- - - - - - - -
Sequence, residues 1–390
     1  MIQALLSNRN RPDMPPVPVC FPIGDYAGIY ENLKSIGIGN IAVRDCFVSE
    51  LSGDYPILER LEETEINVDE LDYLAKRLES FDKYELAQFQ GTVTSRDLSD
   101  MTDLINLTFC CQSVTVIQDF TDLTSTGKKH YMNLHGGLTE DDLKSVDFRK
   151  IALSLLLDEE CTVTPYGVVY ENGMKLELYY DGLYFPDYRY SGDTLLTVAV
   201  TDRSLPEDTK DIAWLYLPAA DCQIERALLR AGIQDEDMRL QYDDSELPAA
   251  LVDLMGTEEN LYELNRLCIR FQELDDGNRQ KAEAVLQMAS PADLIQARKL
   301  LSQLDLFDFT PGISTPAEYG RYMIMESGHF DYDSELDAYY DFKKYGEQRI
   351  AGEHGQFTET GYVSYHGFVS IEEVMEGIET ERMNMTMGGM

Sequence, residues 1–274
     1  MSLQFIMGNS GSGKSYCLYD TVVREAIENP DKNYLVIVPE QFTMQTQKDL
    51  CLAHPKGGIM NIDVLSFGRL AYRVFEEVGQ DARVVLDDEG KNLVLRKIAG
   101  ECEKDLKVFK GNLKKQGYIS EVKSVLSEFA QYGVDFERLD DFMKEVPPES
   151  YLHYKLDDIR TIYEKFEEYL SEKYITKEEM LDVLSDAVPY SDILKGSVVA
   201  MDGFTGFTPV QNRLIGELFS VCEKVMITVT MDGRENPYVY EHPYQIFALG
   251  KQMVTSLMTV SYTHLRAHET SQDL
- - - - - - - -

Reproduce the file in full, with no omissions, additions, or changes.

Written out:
Sequence, residues 1–390
     1  MIQALLSNRN RPDMPPVPVC FPIGDYAGIY ENLKSIGIGN IAVRDCFVSE
    51  LSGDYPILER LEETEINVDE LDYLAKRLES FDKYELAQFQ GTVTSRDLSD
   101  MTDLINLTFC CQSVTVIQDF TDLTSTGKKH YMNLHGGLTE DDLKSVDFRK
   151  IALSLLLDEE CTVTPYGVVY ENGMKLELYY DGLYFPDYRY SGDTLLTVAV
   201  TDRSLPEDTK DIAWLYLPAA DCQIERALLR AGIQDEDMRL QYDDSELPAA
   251  LVDLMGTEEN LYELNRLCIR FQELDDGNRQ KAEAVLQMAS PADLIQARKL
   301  LSQLDLFDFT PGISTPAEYG RYMIMESGHF DYDSELDAYY DFKKYGEQRI
   351  AGEHGQFTET GYVSYHGFVS IEEVMEGIET ERMNMTMGGM

Sequence, residues 1–274
     1  MSLQFIMGNS GSGKSYCLYD TVVREAIENP DKNYLVIVPE QFTMQTQKDL
    51  CLAHPKGGIM NIDVLSFGRL AYRVFEEVGQ DARVVLDDEG KNLVLRKIAG
   101  ECEKDLKVFK GNLKKQGYIS EVKSVLSEFA QYGVDFERLD DFMKEVPPES
   151  YLHYKLDDIR TIYEKFEEYL SEKYITKEEM LDVLSDAVPY SDILKGSVVA
   201  MDGFTGFTPV QNRLIGELFS VCEKVMITVT MDGRENPYVY EHPYQIFALG
   251  KQMVTSLMTV SYTHLRAHET SQDL